In the permanent artistic decision as to whether painting should be used to describe an event or whether painting itself should become the event, Sissi Edler has made a clear choice: she needs neither the object nor the "story" that a painting can tell, but trusts entirely in the direct effect of colors and traces of painting. Occasionally one could detect a hidden devotion to form, for instance when she leaves the all-over structures of her painting, nourished entirely by color composition and brush lettering, and makes use of systems of ordering quadrilaterals. Likewise, the preference for certain form relationships - certainly also the square - indicate this. Otherwise, however, she lets the brush run, creates a dense fabric of overlapping strokes (these, too, preferably of vertical and horizontal orientation), which on the one hand give the eye a springy spatiality, on the other hand also point beyond the limitation of the format and thus make the picture a section and outlook of a broader concept.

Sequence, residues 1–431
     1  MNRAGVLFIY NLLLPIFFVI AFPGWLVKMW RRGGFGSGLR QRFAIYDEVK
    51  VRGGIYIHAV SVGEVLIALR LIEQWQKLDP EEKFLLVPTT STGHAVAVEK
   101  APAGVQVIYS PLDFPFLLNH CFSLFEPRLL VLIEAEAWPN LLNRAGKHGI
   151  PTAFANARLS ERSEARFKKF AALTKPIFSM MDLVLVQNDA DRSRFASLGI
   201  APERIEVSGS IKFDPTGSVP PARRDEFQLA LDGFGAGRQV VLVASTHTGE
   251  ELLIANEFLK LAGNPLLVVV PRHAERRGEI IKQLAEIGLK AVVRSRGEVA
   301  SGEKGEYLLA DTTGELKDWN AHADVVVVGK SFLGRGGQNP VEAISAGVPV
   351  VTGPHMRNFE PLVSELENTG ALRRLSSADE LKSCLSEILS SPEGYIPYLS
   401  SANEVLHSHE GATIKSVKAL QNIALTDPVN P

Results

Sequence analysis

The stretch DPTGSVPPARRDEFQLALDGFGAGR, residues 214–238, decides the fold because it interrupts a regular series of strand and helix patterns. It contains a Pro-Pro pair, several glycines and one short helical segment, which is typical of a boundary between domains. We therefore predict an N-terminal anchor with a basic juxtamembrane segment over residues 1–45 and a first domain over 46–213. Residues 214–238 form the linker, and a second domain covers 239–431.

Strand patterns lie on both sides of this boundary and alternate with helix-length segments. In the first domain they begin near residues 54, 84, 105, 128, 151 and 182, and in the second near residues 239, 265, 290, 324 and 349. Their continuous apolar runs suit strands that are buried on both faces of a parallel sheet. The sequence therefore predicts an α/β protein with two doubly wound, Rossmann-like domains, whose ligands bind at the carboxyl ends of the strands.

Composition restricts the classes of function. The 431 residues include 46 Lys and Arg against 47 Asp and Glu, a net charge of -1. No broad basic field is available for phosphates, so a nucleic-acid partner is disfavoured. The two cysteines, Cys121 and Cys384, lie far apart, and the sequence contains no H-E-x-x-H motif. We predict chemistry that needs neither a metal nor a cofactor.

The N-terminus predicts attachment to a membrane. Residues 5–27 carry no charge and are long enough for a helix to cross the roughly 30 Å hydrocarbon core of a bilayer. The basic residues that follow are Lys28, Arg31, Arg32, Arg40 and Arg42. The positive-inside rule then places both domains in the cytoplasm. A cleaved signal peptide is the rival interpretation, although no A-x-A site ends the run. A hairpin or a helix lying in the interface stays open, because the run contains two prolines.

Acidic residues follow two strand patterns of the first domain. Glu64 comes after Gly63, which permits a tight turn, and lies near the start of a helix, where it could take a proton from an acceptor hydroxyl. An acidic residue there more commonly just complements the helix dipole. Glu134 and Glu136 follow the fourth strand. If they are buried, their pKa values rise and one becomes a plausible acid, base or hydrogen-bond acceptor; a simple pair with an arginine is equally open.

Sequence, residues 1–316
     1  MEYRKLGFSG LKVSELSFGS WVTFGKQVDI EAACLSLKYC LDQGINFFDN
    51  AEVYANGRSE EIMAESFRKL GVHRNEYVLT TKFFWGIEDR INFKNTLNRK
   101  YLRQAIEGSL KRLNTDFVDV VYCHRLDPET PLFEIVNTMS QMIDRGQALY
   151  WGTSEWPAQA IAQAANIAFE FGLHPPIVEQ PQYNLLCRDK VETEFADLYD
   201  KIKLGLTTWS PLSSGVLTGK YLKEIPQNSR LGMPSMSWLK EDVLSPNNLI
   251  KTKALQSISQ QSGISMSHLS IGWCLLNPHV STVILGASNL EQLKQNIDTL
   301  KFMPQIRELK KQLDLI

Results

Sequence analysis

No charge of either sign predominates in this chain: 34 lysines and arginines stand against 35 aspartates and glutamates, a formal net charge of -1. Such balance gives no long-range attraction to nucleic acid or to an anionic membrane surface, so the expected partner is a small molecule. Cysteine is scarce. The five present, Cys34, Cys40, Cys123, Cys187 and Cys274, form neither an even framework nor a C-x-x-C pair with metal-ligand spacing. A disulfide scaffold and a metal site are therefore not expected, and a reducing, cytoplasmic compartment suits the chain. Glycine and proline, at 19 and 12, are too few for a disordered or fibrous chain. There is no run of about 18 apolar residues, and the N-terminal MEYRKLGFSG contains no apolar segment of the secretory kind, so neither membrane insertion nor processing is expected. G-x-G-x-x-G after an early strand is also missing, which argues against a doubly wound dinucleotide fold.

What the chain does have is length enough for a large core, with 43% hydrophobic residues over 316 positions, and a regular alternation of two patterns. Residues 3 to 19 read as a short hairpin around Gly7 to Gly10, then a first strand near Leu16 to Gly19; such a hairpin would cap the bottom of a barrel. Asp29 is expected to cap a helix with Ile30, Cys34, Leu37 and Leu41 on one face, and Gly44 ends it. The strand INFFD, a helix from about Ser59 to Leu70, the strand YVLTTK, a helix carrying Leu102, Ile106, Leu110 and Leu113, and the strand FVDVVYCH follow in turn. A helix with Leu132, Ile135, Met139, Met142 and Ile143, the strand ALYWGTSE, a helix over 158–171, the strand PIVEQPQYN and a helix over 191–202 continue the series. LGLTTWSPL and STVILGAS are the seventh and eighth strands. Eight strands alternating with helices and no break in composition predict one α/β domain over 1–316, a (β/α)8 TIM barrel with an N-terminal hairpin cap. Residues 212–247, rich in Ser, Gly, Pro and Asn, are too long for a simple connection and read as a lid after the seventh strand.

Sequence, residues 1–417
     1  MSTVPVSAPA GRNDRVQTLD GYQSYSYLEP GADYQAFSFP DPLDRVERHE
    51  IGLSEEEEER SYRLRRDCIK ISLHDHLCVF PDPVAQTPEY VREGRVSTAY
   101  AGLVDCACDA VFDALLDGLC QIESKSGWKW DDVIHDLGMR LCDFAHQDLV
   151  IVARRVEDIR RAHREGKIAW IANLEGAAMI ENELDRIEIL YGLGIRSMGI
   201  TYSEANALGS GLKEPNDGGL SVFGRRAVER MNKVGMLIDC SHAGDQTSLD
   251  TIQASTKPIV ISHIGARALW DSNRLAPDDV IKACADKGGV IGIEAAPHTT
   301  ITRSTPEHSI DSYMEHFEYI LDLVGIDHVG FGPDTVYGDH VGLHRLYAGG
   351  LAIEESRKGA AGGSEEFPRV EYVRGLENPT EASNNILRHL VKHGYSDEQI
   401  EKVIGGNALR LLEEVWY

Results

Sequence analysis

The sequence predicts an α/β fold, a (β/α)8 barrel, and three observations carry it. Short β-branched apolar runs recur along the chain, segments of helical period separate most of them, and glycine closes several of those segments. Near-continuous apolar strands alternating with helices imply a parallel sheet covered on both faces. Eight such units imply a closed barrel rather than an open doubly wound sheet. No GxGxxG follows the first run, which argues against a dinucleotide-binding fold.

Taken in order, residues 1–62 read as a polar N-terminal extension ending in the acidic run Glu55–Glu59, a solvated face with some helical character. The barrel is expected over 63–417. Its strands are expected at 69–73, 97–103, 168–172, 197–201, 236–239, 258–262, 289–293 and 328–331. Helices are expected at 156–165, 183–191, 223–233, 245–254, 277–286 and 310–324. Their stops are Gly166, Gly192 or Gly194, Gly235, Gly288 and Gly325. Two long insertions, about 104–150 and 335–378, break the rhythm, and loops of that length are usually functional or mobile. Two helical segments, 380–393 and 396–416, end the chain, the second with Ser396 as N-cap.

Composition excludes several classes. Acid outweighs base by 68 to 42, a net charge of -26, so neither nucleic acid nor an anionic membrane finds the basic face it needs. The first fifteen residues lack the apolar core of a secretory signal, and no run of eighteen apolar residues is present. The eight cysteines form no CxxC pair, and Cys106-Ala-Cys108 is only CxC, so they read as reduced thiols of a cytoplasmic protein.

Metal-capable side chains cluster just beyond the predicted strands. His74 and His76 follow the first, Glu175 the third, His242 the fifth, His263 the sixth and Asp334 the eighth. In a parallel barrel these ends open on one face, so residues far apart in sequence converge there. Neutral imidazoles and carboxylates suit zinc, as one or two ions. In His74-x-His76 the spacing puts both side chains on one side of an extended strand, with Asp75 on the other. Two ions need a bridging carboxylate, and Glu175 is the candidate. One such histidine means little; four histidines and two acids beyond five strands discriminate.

Anyone who works in this way must be able to rely on his sense of color and on the quality of his brushstrokes. Sissi Edler loves the harmonious depth of the color cadences, avoids edge-like hardness in her gestures, but lets the stroke pulsate like the blood in the veins. The resulting movement is a familiar rocking along the chosen direction, a leaving open of the view to the underlying structures and har perhaps therefore such a calming effect even when the color becomes louder.
We look over the shoulder of a painter who is almost physically absorbed in her pictorial inventions and for this reason alone seems so authentic. Painting, honest!